Aug 19, 2014|
Kate Franklin was 3½ the night in August 2000 that her mother brought her to the emergency room, Dr. Walensky had just started his fellowship in pediatric hematology/oncology in July, and that night Kate became one of the first patients he diagnosed with cancer.This summer Kate is working in Dr. Walensky’s lab, which is exploring the promise of chemically-modified fragments of proteins called “stapled peptides” to treat drug-resistant cancers.
Transcript - will not be 100% accurate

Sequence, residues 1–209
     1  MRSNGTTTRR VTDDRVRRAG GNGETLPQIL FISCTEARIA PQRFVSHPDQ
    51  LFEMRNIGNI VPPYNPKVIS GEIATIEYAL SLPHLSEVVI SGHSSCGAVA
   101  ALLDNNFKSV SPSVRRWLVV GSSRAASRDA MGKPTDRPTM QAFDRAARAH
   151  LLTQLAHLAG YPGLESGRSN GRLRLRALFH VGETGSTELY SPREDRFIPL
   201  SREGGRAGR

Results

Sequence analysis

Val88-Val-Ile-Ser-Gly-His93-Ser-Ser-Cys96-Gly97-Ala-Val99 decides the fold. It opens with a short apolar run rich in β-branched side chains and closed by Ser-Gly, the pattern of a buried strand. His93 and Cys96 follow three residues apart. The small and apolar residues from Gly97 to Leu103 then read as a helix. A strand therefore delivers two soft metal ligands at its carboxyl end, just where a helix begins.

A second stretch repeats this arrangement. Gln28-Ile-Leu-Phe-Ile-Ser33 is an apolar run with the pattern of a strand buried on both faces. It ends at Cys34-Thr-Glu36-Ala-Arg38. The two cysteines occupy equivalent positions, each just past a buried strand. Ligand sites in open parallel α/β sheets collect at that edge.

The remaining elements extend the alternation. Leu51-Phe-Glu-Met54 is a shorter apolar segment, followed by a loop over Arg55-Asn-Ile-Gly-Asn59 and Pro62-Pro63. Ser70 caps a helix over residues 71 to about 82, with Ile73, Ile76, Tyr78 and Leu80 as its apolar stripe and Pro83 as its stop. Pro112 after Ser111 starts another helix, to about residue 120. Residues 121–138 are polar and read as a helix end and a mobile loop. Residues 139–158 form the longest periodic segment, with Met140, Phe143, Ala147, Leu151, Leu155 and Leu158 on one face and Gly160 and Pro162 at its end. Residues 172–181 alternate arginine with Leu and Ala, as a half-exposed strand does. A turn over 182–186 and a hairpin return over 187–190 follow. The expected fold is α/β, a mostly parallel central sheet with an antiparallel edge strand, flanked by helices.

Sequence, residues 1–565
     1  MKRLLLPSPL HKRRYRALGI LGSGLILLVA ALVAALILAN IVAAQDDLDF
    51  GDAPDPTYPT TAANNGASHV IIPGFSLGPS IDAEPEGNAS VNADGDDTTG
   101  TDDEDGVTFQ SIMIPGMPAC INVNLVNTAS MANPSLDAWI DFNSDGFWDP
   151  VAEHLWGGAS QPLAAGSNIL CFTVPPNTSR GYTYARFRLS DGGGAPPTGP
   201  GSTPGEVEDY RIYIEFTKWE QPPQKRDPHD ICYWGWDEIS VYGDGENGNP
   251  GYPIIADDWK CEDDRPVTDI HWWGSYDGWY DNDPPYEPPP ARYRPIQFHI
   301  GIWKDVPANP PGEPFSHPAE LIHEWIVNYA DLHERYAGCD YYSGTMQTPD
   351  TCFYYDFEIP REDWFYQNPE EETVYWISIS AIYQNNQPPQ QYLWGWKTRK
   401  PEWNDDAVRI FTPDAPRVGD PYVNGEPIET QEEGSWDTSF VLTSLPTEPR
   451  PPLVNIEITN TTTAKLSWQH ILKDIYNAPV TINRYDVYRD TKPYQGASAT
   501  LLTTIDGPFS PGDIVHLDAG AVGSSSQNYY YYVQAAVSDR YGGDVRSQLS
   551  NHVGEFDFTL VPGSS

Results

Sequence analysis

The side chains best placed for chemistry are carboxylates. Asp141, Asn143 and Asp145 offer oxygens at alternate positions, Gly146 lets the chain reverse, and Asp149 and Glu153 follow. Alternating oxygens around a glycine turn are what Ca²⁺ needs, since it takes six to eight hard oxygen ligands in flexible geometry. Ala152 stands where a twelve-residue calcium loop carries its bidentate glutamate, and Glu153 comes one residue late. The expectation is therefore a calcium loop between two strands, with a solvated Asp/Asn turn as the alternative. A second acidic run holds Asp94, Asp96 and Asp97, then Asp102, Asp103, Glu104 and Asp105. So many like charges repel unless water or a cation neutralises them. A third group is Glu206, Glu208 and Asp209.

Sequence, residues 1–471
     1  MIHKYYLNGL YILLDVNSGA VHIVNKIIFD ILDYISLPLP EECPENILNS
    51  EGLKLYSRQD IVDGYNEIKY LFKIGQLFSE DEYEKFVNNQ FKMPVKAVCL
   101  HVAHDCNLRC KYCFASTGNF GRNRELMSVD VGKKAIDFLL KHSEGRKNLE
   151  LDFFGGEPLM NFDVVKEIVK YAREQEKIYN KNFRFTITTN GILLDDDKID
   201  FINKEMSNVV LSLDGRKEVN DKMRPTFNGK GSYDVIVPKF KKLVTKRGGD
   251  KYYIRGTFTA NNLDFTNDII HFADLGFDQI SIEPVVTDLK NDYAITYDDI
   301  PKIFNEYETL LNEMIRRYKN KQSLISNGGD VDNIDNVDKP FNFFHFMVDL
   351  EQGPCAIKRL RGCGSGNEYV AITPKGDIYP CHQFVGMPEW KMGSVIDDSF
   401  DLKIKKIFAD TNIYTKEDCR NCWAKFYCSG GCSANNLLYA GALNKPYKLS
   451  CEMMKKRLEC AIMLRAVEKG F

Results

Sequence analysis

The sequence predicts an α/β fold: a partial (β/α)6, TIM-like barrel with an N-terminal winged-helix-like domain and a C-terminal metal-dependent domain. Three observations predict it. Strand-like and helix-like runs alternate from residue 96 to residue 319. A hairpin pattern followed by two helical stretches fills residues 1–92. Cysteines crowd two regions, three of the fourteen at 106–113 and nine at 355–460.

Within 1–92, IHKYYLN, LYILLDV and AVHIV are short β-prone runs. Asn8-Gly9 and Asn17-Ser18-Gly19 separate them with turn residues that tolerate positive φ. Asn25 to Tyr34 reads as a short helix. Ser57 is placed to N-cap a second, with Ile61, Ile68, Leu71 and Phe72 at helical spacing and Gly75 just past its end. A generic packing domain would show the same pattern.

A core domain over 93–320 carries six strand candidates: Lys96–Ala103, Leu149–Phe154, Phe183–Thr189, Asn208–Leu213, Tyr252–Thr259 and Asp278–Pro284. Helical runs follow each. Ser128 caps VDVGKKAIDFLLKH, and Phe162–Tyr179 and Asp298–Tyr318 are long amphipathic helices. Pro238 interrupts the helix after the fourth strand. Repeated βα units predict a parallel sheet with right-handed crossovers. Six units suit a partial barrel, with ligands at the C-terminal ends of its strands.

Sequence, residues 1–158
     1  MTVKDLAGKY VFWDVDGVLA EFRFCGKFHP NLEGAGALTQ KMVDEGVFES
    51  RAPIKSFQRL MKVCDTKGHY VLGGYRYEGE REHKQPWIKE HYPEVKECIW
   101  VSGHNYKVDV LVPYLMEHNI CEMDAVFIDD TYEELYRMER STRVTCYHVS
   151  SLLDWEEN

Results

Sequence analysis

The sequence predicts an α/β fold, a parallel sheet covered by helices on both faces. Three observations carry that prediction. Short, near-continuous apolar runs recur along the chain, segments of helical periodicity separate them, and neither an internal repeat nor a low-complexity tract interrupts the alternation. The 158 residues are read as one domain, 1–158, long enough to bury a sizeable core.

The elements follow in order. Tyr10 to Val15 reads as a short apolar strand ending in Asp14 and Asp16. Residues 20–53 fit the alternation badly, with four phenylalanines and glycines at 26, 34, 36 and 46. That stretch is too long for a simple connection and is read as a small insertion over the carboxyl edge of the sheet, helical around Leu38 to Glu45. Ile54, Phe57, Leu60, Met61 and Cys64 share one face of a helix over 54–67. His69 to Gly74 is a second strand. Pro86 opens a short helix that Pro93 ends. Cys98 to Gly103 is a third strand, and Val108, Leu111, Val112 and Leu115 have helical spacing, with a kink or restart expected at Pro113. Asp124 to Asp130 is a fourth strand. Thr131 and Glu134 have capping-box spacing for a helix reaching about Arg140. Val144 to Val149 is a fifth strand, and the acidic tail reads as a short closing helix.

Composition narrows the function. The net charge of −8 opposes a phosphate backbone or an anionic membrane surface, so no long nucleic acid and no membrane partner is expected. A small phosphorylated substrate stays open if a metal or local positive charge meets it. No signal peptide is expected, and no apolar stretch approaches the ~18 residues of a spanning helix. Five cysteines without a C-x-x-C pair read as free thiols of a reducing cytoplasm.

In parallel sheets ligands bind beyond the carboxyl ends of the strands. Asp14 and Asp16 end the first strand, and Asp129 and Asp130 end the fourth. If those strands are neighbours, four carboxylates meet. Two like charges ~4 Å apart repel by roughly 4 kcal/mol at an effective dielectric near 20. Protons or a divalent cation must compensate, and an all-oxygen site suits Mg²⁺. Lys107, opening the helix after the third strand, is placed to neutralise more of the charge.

-- Pretty unusual Michael that I guess are such a big deal they name the town they live in after them. Kate Franklin has joined us haven't -- and Franklin what a coincidence. I'm Kate is seventeen years old doctor Loren Woolen -- is here as well. And at least here as well who snuck over to the other side of the table didn't think I'd noticed she was over there allocate our you know I'm very well thank you student at bishop -- Senior year. How exciting is that. I have a senior in high school at home too so I know what this is like how to to senior photo shoot go. -- -- not too happy pictures how many poses how many outfits to -- -- lot a lot of -- I've been through this now I know what this is like so. And and how it would all things yet to choose from are -- not happy with what you ended up and I don't know I think it's lists. Architecture and I got a feeling Michaels doesn't take too many bad pictures now. And that -- and you also have them only to help out your mom your mom can help you with the pictures and say yea or made that happen -- -- -- Wonderful but. -- -- -- And it. Kate you're an athlete as well right. Know what what sports you know I rent cross country in the offseason spring. I don't know which sport you like one better than the other. And very different. -- When you first met doctor Wilensky. Ironically you were just sort of starting here as well you guys sort got to know each other at the beginning of your practice and and when she needed that's right I had just finished. I've -- residence training hospital. And and I had begun -- Europe and -- policy fellowship training camp -- and I met. Katherine -- -- she's four and that we just as a little kid I just think they're calling her -- now she's all grown up. I had just started my training and choose my first. Tell me exactly how you ended up seeing doctor Wilensky what what led you there. I don't remember too much of that I know from my parents stories that I had an ear infection wouldn't go away with ten different antibiotics. I also had. My throat was hurting me a -- and headache. I would dinner at the beach Monday. If that's right I'm yelling at the beach and and it's with the talent and also we contacted my pediatrician I guess and then. He told us to -- to children's. It. And then and Emily no where did this story picked up from there remained just tell us about. The journey and in the process. Well. We -- and on different and it is the last weekend on us. And I hadn't I can when your -- home now it's hard and them. And they said you know we we think. Something isn't rightly -- discipline work into flagler and -- and that's from Lehman aren't. And your thought at that time was there or are you kidding me I did I I. I understanding here very brilliant man but you have to be wrong. And it was a -- Doctor Wilensky tell me what -- tell our audience irony no. When Emily told you. After you told her about the diagnosis I remember I remember the counters though. Well so vividly for many reasons especially because there was one earlier ones I just come back from laboratory that her blood cells microscope and seen it with my eyes. And I remember coming in and telling apparently telling him early. Diagnosis and the early with. -- saying you know -- -- pediatric. Leukemia. She reached out grabbed my shoulders. And and looked at me straight in the options that I will see you at her wedding. Current and by the way Kate we're not in any hurry. I think you know I didn't mean you can put -- off for a little while. No rush here anything. I am curious about well so many things that go on in the life of a seventeen year old senior in high school have you figured out we wanna go to college yet. I don't know and a long list. A list that needs to narrow down a lot. But you. Yeah I have a lot of -- that I think elegant to ultimately do you know which one study I think it the study some kind of biology. Maybe Spanish. And definitely now. Smart kid was arrogant and yeah I. You know -- -- that story I think about your mom know grabbing the doctor. Send us your your wedding. Does it surprise you when you're restaurant surprise surmounted that. I don't like to be like that the right. I I guess she's nice and I'm not I'm on such a compassionate person and to here say that. To my doctor about means just as well. She's always been some resentment on. It just as hit what was your summer job this summer this summer I worked at this summer intern and doctor he's -- that Dana Farber. And I have my own project -- able to really explore. Basically the peptides that the company is basically able to do to screen mom for their properties -- -- -- I just had kind of like oh. A wide range of things that I can do. Is just really exploring something -- an expert. We're we're got you interested in in biology com. I mentioned Emerson middle school I've always been interested in science and -- AP biology it's just loved it just hit. AP classes to -- yet. I know bishop for Ian and I know how good a school it is and I know what a wonderful community it is. Everybody. Bear knew what you had gone through and what you had done before I'll I know my friends now I -- now. I mean some people do I mean they know now they didn't have enough. And you don't mind that it now. Doctor Lansky is this the perfect patient. She's with a perfect outcome of that radio station in the perfect outcome and we want that outcome everyone. This is what we aspire to achieve this is why we do everything we do this every kid that we see is so incredibly important in their futures are so. Important and when you think about all the things that she has now. You know rising senior high school this is what we -- -- -- paste it here. Doctor -- told us earlier today that the success rate for this when you're dealing with younger people like Kate was. Pretty darn good and I mean it's over 90%. So when Emily grabbed her by the shoulders she knew what she was talking about I -- Yes but I think that you know on the other hand one of the things that -- Allen. Taught me is -- much on equipment worth during my fellowship training. He said when people ask you. What are my chances -- the real answer is zero -- 100% and so even though it's 90% or more than 90% there's still that. -- -- 10% are single digit percent and there's no way to really know on the if that one if that single digit percent comes up behind you. The 90% statistic doesn't make you feel that much better so. I think that's it's really that 10%. That 8% 9% those of the patients that we have focus on so much to try to make them part. Of the full cure because our feeling is you know until 200% we still have serious work to do. Kate it's great to meet these very nice to see -- doctor Wilensky thank you -- nice to see you as well you're right which told them I mean we're still a few years later you are right. I'm will see emit the how many years away Emily how many years if it was up tightening at least fifteen. -- got married -- and I think fifty. I don't like speaking -- -- out of high school -- -- since you don't have -- authority to do Paula it's great to visit with all you guys thank you all very much great to see it. I help us reach our goal of 75000 dollars by 6 PM. Your gift of 25 dollars to help fund patient and family programs offering support and resources to those battling cancer at Dana Farber. Please call 8777381234. Or go online to Jimmy Fund dot org and make -- which -- through all the different ways that you can donate we tried it. As we said make it as simple as we can you can call 877738123.